Remittances climbed 3.9 percent in April from a year ago, the fastest expansion in five months, on the sustained deployment of Filipino workers overseas as most economies showed recovery from the global health crisis, data from the Bangko Sentral ng Pilipinas show Wednesday.
The BSP said cash remittances reached $2.395 billion in April, up from $2.305 billion in the same month last year. The April figure, however, was lower than the $2.6 billion registered in March.
The latest figure brought total cash remittances in the first four months to $10.167 billion, up 2.7 percent from $9.898 billion in the same period in 2021.
“The expansion in cash remittances was due to the growth in receipts from land-based and sea-based workers, which increased by 4.7 percent to $1.863 billion from $1.779 billion and 1.4 percent to $533 million from $526 million, respectively,” the BSP said in a statement.
“The growth in cash remittances from the United States, Saudi Arabia, Japan, Taiwan and Singapore contributed largely to the increase in remittances in the January-to-April period,” it said.
Data showed the US registered the highest share of overall remittances at 41.2 percent in the first four months, followed by Singapore, Saudi Arabia, Japan, the United Kingdom, the United Arab Emirates, Canada, Qatar, South Korea and Taiwan. The combined remittances from these 10 countries accounted for 79.2 percent of total cash remittances during the period.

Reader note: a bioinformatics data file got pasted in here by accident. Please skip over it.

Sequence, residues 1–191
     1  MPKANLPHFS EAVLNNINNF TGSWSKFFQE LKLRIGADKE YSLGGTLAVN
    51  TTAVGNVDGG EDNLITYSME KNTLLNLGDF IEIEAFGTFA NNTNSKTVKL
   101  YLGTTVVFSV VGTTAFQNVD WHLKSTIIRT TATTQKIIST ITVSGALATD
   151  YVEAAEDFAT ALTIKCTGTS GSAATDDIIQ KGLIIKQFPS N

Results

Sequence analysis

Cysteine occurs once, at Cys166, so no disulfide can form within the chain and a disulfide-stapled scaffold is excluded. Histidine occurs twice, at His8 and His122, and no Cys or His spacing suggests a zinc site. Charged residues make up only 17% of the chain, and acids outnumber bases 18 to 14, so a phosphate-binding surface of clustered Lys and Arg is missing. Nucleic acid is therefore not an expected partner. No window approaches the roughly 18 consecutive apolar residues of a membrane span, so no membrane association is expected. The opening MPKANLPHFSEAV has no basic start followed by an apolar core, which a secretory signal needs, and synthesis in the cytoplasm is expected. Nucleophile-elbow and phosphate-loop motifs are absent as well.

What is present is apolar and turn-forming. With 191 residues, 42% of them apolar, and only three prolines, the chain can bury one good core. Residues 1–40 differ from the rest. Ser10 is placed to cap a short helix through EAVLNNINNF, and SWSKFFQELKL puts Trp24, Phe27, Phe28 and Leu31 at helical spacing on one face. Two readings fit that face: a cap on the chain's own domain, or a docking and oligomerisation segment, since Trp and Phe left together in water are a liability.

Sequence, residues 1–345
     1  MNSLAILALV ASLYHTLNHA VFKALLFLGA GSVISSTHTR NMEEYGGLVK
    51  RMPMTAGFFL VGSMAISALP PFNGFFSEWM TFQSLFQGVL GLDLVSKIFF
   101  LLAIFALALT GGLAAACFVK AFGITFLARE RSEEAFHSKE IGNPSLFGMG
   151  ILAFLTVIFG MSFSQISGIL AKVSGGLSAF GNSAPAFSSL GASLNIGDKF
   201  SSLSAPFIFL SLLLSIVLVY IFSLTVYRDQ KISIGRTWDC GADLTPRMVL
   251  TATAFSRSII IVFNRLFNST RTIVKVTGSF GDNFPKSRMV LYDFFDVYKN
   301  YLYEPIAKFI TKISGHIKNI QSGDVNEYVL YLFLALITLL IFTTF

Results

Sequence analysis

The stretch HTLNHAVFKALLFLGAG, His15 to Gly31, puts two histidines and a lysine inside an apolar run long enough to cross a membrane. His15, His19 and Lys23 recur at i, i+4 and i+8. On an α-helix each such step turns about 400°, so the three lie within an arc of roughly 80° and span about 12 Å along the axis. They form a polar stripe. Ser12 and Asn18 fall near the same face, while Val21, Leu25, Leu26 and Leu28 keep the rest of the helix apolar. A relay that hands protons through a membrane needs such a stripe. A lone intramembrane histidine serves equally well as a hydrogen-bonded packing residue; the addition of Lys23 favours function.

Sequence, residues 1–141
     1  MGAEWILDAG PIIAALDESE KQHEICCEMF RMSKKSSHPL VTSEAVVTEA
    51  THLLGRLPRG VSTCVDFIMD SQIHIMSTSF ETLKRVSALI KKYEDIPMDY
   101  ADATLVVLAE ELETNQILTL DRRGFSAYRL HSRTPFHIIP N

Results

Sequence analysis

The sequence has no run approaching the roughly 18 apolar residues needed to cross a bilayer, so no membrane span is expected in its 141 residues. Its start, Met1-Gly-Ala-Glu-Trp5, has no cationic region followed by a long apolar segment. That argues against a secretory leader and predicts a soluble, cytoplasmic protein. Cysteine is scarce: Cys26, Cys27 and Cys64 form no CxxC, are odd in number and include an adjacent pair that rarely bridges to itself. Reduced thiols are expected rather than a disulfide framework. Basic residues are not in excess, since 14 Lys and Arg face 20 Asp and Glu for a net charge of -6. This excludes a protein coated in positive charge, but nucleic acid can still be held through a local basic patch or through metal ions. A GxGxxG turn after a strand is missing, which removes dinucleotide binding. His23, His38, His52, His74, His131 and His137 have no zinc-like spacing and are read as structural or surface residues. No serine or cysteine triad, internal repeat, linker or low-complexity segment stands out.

Personal remittances, which include non-cash items, also went up by 3.8 percent in April to $2.671 billion from $2.574 billion a year earlier. The four-month personal remittances amounted to $11.317 billion, up 2.6 percent from $11.028 billion a year ago.
“The increase in personal remittances in April was due to remittances sent by land-based workers with work contracts of one year or more, which increased by 4.7 percent to $2.022 billion from $1.931 billion in the same month last year, and sea- and land-based workers with work contracts of less than one year, which grew by 1.4 percent to $581 million from $574 million a year ago.
Cash remittances hit a record $31.418 billion in 2021, up 5.1 percent from $29.903 billion in 2020. The 5.1-percent expansion missed the 6-percent growth target for the year but it was a significant improvement from the 0.8-percent contraction in 2020 at the height of the pandemic.
The BSP expects remittances to rise 4 percent in 2022, consistent with the long-term growth trend.
It said among the factors underpinning the strength of remittances are the increased global demand for OFWs, particularly medical practitioners, health care workers and skilled labor in construction and housekeeping and the bilateral labor agreements forged by the Department of Labor and Employment with host countries to continue allowing the entry of OFWs.
The BSP said other reasons are the increased use of digital financial services in remittance transfers that would reinforce the upward trend of digital adoption in both domestic and cross-border transactions.
Remittances accounted for about 8 percent to 9 percent of nominal gross domestic product in recent years. They were also equivalent to 32 percent to 37 percent of income from exports of goods and services and 26 percent to 37 percent of gross international reserves.